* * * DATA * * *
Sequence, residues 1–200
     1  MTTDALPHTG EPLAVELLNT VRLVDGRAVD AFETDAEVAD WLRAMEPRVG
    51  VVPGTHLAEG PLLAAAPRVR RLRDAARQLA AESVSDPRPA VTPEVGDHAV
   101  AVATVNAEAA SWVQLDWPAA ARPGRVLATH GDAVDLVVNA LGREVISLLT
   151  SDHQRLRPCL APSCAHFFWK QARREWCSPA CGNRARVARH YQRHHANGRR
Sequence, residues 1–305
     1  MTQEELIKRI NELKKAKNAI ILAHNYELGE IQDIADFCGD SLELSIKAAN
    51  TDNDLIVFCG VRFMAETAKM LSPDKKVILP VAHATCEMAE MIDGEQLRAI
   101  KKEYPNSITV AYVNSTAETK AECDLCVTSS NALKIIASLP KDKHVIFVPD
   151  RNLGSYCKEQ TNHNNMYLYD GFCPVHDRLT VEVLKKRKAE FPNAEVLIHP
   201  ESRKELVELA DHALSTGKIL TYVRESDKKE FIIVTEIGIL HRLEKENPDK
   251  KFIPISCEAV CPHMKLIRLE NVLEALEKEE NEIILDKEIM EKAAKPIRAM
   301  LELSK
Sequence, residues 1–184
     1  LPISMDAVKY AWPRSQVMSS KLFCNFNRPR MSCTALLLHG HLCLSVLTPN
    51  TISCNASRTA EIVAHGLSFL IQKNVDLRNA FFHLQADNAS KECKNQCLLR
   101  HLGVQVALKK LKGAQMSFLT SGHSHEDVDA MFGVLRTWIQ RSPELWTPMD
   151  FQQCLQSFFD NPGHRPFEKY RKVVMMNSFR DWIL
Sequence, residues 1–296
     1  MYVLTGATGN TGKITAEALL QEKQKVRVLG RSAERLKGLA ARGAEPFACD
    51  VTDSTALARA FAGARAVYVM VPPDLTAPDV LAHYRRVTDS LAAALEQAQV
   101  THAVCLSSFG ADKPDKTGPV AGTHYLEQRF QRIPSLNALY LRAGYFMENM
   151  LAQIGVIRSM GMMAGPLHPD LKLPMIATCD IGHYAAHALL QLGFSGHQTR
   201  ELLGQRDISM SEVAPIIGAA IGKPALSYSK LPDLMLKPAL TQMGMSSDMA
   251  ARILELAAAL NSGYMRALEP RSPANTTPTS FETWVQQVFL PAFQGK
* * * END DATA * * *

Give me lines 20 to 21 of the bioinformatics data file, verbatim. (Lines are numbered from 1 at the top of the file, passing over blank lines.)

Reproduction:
     1  MYVLTGATGN TGKITAEALL QEKQKVRVLG RSAERLKGLA ARGAEPFACD
    51  VTDSTALARA FAGARAVYVM VPPDLTAPDV LAHYRRVTDS LAAALEQAQV